As he told me Friday morning that he was pulling the plug on his presidential campaign, Seth Moulton was both singularly upbeat and deeply reflective.
He doesn’t regret that he gave it a shot, but he regrets the way politics get done in this country. He regrets that personality counts for more than policy, that polls and money decide so early who gets to go forward before issues get a full hearing, that somebody like him couldn’t even make it to the debate stage to present his ideas to the American people because of arcane party rules.
As he crisscrossed America, he found a profound disconnect between the media world and the real world. He said his Serve America initiative to increase awareness of and participation in national service was very popular with ordinary folks, if not the media.
“Everywhere I went, reporters would ask me when I was going to get out of the race,” he said, “and ordinary Americans would tell me to hang in there.”
In politics, timing is everything, and like his beloved baseball team, the one that plays at Fenway Park, this was not Seth Moulton’s year.
After he decided to end his campaign, Moulton said he wanted to talk to me. Moulton said he reached out because he remembered I was willing to drive up to Marblehead one day years ago, when he was just flirting with the idea of running for Congress, to talk to some idealistic Marine vet who wanted to save the world. I didn’t have the heart to tell him I was actually more interested in getting the fish special at the Three Cod Tavern. But then, loyalty is a big thing to Moulton, who remains very close to the Marines he led in Iraq.
From the get go, his presidential campaign struggled to gain traction, and the political wise guys insisted he never had a chance anyway.
He has heard it all before. Democratic insiders never liked him. He was considered impetuous, didn’t know to wait his turn, when he took on and defeated Democratic stalwart John Tierney to claim the North Shore congressional seat. Many Democrats will never forgive him for orchestrating a coup aimed at overthrowing Nancy Pelosi as House speaker.
Moulton shrugs that criticism off, noting that most of the people in John Kennedy’s book “Profiles in Courage,” indeed many of the people given the award named for that book, defied their own party to do what they thought was right.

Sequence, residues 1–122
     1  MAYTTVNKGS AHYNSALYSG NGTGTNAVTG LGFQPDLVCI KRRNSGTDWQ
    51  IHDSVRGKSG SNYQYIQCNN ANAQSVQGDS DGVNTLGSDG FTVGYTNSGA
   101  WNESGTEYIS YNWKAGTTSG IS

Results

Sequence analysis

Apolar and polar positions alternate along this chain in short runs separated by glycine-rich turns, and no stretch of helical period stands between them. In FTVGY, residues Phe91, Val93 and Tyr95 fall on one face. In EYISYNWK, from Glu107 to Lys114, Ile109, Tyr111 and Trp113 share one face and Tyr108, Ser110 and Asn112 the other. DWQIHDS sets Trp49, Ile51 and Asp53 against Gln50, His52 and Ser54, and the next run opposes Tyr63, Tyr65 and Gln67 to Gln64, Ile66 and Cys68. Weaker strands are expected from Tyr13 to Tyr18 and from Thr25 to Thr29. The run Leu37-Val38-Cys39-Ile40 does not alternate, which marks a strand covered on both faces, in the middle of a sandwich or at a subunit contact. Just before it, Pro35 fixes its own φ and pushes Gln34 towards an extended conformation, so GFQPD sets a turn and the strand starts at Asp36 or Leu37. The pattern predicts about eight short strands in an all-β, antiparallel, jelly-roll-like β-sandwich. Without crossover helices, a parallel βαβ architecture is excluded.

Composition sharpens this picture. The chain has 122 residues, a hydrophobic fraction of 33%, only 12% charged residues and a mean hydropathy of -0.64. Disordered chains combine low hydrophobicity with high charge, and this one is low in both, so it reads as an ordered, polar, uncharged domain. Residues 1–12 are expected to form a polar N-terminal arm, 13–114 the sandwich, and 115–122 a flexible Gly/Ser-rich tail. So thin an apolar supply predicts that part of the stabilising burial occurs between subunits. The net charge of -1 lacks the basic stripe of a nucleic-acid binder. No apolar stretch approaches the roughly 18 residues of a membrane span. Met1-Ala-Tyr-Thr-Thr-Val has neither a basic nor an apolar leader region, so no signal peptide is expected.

He’s got a point. When the loud and proud congresswomen nicknamed The Squad threw some shade on Pelosi, they were hailed as courageous truth-tellers by other progressives. When Moulton argued that Pelosi and her leadership team, almost entirely men, had run the party into the ground and presided over historic losses, he was dismissed as sexist and ageist.
The double standard is glaring, and it blinds a lot of progressives when it comes to Moulton. After all, he has been outspoken in calling for President Trump’s impeachment, while Pelosi has demurred.
So, who’s the real progressive?
“I got into this race because I didn’t see a better foil to Trump than a young combat veteran,” the former Marine officer said, “and I was the only one in the race.”
But as the race unfolded, and he watched the debates from the sidelines, Moulton came to a conclusion.
“It’s a three-way race now,” he said. “Biden, Warren, and Sanders. I could see the writing on the wall. It’s a debate about how far left the party can go.”
He worries it will drift too far that way, handing Trump another four years in the White House.
That said, Moulton does not apologize for his progressive beliefs, and thinks there is a way to persuade the great nonpartisan middle of the country that decides presidential elections that they’d get a better shake under a Democratic administration than under Trump.
“We’ve got to build a broad coalition,” he said, “not just Democrats, but disaffected Republicans, Obama voters. That’s what I did as a platoon leader in Iraq. I had Marines from Texas, from Massachusetts, from all over. Different races, backgrounds, religions. And we were in the middle of a very divisive environment, fighting a war I was opposed to. I thought that leadership experience, which I uniquely have, would be useful in building that coalition.”